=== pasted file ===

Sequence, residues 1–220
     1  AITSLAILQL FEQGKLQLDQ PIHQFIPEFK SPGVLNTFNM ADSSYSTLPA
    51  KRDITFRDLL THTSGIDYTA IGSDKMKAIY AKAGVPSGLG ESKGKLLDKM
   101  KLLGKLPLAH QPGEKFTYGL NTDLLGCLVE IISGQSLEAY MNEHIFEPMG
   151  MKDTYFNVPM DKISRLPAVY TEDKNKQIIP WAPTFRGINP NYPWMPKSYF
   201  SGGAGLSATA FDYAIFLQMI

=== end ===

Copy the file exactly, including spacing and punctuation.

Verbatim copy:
Sequence, residues 1–220
     1  AITSLAILQL FEQGKLQLDQ PIHQFIPEFK SPGVLNTFNM ADSSYSTLPA
    51  KRDITFRDLL THTSGIDYTA IGSDKMKAIY AKAGVPSGLG ESKGKLLDKM
   101  KLLGKLPLAH QPGEKFTYGL NTDLLGCLVE IISGQSLEAY MNEHIFEPMG
   151  MKDTYFNVPM DKISRLPAVY TEDKNKQIIP WAPTFRGINP NYPWMPKSYF
   201  SGGAGLSATA FDYAIFLQMI